There is a shameful silence over the ongoing systematic removal of Hararis from Harar

What began in the middle of 2018 as nightly chants of “ciao, ciao Adare” (‘goodbye Harari’), pack your bags, and “kinyyaa” (‘this is ours’) culminated with the Harari National League (HNL) surrendering half of the administration of Harar to the Oromo Democratic Party (ODP). Unchecked, this will end in the complete removal of Hararis from Harar—politically and physically. 

Hararis are a unique ethnic minority group in Ethiopia, who have now also become a minority in their indigenous home, the ancient city of Harar. While Hararis used to inhabit a much larger area in the past, they have been relegated to behind the walls of Harar (Jugol) and its environs since after the Jugol was erected in the mid 1500s.

For centuries, Harar was an important city in Ethiopia: Richard Burton called it “the Timbuktu of the East”; UNESCO references it as one of Islam’s holiest cities. During the Italio-Ethiopian war in 1935-36, The New York Times, The Times of India, The Globe, and others wrote much about Harar, some describing it as Ethiopia’s second-largest city.

Today, virtual silence. While there is no war, a serious crisis is taking place. Ethiopia recently gained the unfortunate distinction of having the largest number of people internally displaced by conflict, almost 2.9 million in 2018, surpassing war-torn countries like Syria. As Ethiopia grapples with the challenges of political change and reform, Harar faces its own challenges.

In 2018-19, Harar experienced a litany of abuses: Municipal services such as water and garbage removal were disrupted and cut off for weeks and their return was extorted for great sums of money; ethnically motivated mobs marched the streets of Harar chanting racist and incendiary slogans; historical mosques have been occupied and their religious leaders chased out; several Harari properties and lands have been illegally looted and stolen. And, when the government does respond, they do so at the speed of molasses.

Two buildings were set ablaze

One notable illegal seizure of property and land is that of the Aw Abdal Institute, a school with historical significance to Hararis. Its compound and surrounding area is occupied; the surrounding trees have been illegally uprooted and around 50 houses and shops are in the process of being built unlawfully. Finally fed up, the Aw Abdal board members and the community at large decided to have a meeting at the Amir Abdullahi Conference Centre in September of 2019. Moments before the meeting, local police arrived and forcibly cancelled it without any explanation. To this day, there has been no resolution on the issue. 

While Hararis wait for the government of Ethiopia to address their grievances, those borne out of inter-ethnic strife, a new crisis befell Harar in January 2020, one that is religious in nature. It has now been widely reported that, amid the Orthodox Christian Celebration of Timket in Harar, Amhara celebrants and Oromo residents fought over the draping of the former Ethiopian imperial flag—a controversial symbol amongst Ethiopians.

Amhara and Oromo have had numerous clashes over this same flag. This time, however, some used this incident as a rallying cry, claiming Christianity was under attack. Thereafter, a faction of Ethiopian Christians attacked mosques, Muslims, and Muslim properties in the city of Harar and Dire Dawa. 

In Harar, local authorities reported, two buildings were set ablaze while another 11 had their windows smashed, two cars were set on fire, and several properties were damaged; several of the properties and buildings belonged to Hararis. The loss of two lives was also reported. One of the lives lost, of the two, was a Harari man, Riad Hassan. After having lunch with his parents, for the last time, Hassan left taking his usual path, unaware of any conflict. Caught up in the confusion, Hassan was shot by police and died three days later.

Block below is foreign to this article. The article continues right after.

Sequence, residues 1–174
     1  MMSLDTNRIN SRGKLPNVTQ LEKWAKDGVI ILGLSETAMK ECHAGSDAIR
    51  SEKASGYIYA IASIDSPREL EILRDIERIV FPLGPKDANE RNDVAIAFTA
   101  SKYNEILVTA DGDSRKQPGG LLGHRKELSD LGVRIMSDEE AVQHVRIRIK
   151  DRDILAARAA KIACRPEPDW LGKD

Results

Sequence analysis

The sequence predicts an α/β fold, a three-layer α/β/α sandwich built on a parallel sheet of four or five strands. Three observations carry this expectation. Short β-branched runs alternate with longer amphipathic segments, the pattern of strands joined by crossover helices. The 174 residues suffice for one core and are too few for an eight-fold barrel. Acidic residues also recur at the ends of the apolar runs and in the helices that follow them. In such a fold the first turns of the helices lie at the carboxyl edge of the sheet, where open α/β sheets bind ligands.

Power baring

Last year, to a backdrop of ethnic and communal violence and civil unrest, the ODP forced HNL into an agreement. It was formalized in a swearing-in ceremony in October 2019. In fact, before the agreement was made public, there were several leaks of it on YouTube, some indicating ODP originally sought complete control over Harar, with the supposed caveat that it was only for alternating election cycles. The idea was, Oromos would have 100 percent control over governance, including the president, and in the next election they would cede total control to Hararis until the next election. The lexicon used to describe this new agreement was “fifty, fifty”—meaning “we” (Oromos) get half and “you” (Hararis) get half, suggesting equality. 

As detailed in Ethiopia Insight, political power is shared between ODP and HNL in the Harari Regional State, both having won 18 seats each in the last election. The Harari National Regional State Council is a 36-member council composed of two bodies: the Harari National Assembly, a 14-member body reserved  for Hararis; and the Harari People’s Representatives, a 22-member body open to all in the Harari Region. The Assembly nominates the regional president who in turn appoints the cabinet with the approval of the Council.

Both ODP and HNL merged with other ruling parties to form the Prosperity Party in December 2019. The consequences of the merger are yet to be seen in Harar; and since the merger occurred after the ODP/HNL “fifty, fifty” agreement, it has no bearings on that deal. It will be the status quo until the upcoming election. Due to concerns over the peculiar alternating governing idea, ODP, sticking to their messaging of “fifty, fifty”, instead sought 50 percent of the ministerial positions in Harar—for now. In the end, Hararis capitulated to give ODP half of the Harar administration, under the pretence of fairness to Oromo people. 

But what about fairness to Somalis in the region, or Gurage, or Afar or any other group? This new arrangement creates more problems than it solves. Since Harar today is quite multi-ethnic —with sizable populations of Amhara, Gurage, Oromo, and Somali—eroding Harari governance over Harar will result in others competing for their share.